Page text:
While unpopular on campuses it’s a politically saleable strategy – especially when faced with criticism like the front page of the weekend SMH, where two students from an elite private school complained it would be the government’s fault if they decided not to take a gap year.
You can sense the way the debate is running with Clive Palmer making positive-ish noises over the government’s plans for fee hikes, suggesting he was looking for a “win-win” for students and the country.
I’m guessing the win he has in mind for Australia and for students is having his staff, sorry colleagues, in the Senate, vote for the government’s package – with one amendment, dropping the real interest rate Mr Pyne wants to charge on HELP debt. This would be a win for students. The proposal to change the HELP interest rate from the CPI to a figure based on the 10 year Commonwealth bond rate (capped at 6 per cent) may make economic sense but the idea of student debt at a real, albeit commercially modest, interest rate compounding every year is biting in the community. Just about everybody with a credit card or a home loan understands what compound interest does to debt and how small sums can become scarey over not long. A government concession on interest rates would reduce the impact of the overall campaign and be – at least in the short term, a small-ish price to pay for passage of the Pyne package.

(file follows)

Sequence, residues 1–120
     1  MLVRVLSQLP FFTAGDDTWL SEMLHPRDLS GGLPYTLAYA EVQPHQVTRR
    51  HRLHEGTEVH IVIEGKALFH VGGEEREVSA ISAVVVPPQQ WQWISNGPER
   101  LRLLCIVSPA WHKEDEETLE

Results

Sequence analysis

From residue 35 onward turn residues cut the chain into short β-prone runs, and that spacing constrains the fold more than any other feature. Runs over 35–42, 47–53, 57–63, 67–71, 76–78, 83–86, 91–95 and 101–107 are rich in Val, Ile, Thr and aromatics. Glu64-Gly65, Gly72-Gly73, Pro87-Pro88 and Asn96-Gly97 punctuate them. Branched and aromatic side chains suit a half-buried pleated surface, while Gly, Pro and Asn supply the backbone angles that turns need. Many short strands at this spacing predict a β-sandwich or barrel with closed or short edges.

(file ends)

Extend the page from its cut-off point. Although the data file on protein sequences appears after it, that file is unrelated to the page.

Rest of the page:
More of Pyne’s plan